Video games have been all the rage since the pandemic, and not just among kids.
Nearly half of Americans ages 55 to 64 play video games at least one hour a week, according to the Entertainment Software Association. Even people 65 and older play games on their smartphones and computers to kill time or simply be entertained.
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That’s getting a little more difficult to do with inflation at a 40-year high. At the same time the price of gas, food and other necessities is soaring, so is the cost of video games. With less purchasing power, buying a $70 game may not be in your budget. After all, 36 percent of older adults told the Entertainment Software Association that when making a purchasing decision, the price of the game is important.
Saving on video games may not be as easy these days, but you can find ways to get a deal. Here’s how.
1. Consider a membership program
The consumer lure “loyalty has its rewards” could not be more true than in the video game market. Game makers want you to keep coming back, and they offer membership programs to achieve that.
With the plans, you pay monthly and get unlimited access to video games you can play online, on your PC or on your mobile phone. Nintendo’s Switch Online + Expansion Pack membership is one example.
It gives users access to a library of more than 100 games and costs $50 for an annual membership. That’s less than the cost of one brand-new video game. Sure, it may not offer the latest titles, but having so many games to choose from should keep you busy for a while.
Many game makers and online services will let you pay monthly for unlimited access. Despite the potential savings, older adults haven’t embraced these memberships in large numbers yet.
“Just 6 percent of players over 55 say they subscribe to a service that gives access to a library of video games, a much smaller percentage of players than in other age groups,” says Carrie Robinson, manager of industry affairs at the Entertainment Software Association.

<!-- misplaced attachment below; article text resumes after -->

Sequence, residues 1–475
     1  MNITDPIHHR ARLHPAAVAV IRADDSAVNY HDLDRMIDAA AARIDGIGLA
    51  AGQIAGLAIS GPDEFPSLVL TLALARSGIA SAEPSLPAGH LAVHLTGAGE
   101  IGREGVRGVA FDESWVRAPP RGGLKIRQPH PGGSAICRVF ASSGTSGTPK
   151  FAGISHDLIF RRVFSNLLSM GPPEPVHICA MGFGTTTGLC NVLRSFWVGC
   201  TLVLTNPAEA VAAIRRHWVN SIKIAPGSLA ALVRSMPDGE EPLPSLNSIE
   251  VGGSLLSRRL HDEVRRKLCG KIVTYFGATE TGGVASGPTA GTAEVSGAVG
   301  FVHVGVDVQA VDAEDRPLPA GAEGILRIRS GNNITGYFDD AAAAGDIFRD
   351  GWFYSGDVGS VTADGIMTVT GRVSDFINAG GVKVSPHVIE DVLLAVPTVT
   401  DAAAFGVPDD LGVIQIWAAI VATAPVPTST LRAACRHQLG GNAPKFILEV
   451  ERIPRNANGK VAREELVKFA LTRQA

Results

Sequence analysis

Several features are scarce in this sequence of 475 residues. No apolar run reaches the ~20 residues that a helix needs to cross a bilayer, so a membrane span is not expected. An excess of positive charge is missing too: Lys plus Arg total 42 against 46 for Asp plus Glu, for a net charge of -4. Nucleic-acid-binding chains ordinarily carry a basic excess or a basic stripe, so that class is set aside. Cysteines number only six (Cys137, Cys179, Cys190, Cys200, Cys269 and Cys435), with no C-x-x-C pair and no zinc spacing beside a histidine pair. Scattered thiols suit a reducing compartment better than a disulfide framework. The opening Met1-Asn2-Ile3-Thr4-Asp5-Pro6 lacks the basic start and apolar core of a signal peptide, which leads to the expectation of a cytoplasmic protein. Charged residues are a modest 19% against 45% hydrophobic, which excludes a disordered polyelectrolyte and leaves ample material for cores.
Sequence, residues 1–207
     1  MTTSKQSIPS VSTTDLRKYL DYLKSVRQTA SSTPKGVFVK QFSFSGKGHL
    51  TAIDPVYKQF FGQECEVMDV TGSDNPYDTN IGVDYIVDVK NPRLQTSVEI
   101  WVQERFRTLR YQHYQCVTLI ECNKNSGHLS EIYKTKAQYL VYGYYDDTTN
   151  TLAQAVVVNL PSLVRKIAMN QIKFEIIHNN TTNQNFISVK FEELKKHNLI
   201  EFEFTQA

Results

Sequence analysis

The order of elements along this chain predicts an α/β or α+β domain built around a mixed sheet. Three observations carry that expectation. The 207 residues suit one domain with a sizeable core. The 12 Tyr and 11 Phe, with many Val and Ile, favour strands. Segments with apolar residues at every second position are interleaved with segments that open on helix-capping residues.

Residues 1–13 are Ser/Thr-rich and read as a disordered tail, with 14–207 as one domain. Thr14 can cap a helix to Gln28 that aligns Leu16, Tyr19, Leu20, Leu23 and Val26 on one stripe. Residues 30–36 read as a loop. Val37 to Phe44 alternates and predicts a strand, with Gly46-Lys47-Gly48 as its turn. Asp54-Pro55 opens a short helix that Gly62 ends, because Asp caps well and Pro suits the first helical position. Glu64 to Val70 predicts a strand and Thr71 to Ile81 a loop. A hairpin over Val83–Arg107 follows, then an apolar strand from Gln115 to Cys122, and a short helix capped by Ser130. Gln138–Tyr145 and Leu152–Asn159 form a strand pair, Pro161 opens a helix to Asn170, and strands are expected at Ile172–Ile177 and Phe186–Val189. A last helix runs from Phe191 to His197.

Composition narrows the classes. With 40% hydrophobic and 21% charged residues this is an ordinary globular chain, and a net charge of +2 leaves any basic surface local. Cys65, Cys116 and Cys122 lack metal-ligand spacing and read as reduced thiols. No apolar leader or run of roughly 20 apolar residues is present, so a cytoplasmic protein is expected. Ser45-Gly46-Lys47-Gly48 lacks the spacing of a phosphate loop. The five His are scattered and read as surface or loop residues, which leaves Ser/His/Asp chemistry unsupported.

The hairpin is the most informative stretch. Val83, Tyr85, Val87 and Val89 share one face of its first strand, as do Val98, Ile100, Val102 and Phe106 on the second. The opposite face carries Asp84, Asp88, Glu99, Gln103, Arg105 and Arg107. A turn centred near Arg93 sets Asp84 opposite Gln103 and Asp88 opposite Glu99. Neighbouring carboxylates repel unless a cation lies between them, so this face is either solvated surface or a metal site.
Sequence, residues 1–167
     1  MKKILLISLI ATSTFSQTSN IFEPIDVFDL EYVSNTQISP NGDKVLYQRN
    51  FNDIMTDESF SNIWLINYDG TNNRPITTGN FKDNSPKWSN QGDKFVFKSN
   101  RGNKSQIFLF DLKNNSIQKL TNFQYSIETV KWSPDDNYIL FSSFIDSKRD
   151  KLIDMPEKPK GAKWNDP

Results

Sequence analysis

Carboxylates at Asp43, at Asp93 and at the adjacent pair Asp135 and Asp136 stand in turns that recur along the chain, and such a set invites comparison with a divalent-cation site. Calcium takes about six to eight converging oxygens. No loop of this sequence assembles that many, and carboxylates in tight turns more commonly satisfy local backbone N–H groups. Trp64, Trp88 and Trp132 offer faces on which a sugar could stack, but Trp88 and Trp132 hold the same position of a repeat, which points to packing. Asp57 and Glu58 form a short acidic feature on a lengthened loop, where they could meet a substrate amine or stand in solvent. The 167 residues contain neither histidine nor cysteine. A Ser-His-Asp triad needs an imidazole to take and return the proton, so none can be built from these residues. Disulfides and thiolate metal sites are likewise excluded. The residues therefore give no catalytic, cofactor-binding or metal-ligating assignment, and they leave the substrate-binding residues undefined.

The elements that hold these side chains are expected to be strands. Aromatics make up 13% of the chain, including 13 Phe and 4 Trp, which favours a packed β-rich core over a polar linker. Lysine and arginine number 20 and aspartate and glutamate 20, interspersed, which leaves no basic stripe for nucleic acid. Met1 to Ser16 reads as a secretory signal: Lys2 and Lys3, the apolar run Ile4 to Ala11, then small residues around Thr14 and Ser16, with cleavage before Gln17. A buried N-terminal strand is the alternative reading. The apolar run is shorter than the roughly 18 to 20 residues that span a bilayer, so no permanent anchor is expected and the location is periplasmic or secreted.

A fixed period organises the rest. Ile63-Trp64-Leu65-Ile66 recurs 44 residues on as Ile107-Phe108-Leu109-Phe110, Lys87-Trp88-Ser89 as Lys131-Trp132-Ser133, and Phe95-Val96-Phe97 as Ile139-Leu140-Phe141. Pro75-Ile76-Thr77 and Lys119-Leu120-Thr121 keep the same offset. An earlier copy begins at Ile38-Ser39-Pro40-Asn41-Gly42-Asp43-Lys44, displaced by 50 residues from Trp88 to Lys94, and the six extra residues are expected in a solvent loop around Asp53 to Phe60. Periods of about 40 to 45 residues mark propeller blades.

2. Play many AARP games for free
AARP’s website has its own library of games you can play on your laptop, smartphone or tablet. Most are free, some earn AARP Rewards points for those who have registered, and others are unlocked when you join AARP and log on to the site as a member.
If you have the AARP Now app on your phone, available in both the Apple App and Google Play stores, check out word games you can play right in the app.
3. Tap your Amazon Prime account
If you are among the millions of people with an Amazon Prime membership, you have access to a suite of free video games you may not have known about. Amazon’s Prime Gaming offers a collection of PC games each month as well as exclusive in-game content. The best part: You don’t have to pay extra if you have a Prime subscription.
4. Hold tight on purchasing a new title
When the release date for a new video game comes out, early adopters clamor to be the first to get their hands on the game. They rush to preorder, paying full price.
But the longer you wait to pull the trigger, the cheaper the game will be. Consider this: When God of War was released in April 2018, it was $50. It’s now $20.
5. Buy pre-owned games
Several brick-and-mortar as well as online retailers sell pre-owned video games, which you can get at a steep discount. These titles are gently used and, depending on which retailer you purchase them from, can be returned.
Amazon.com, eBay, eStarland and Gamestop are just a few of the retailers that sell used video games. Look at secondhand bookstores in your area, too. Some have sections for pre-owned games — as well as CDs and DVDs.
6. Download free games on your mobile device
Some may require in-app purchases, but for the most part, you can play gratis. The key is to resist the temptation to spend money to get to the next level or to get more players.
Given that most older adults — 79 percent, according to the Entertainment Software Association — play puzzle games online, this is a cheap way to entertain yourself.
Donna Fuscaldo is a contributing writer and editor focusing on personal finance and health. She has spent over two decades writing and covering news for several national publications including the Wall Street Journal, Forbes, Investopedia and HerMoney.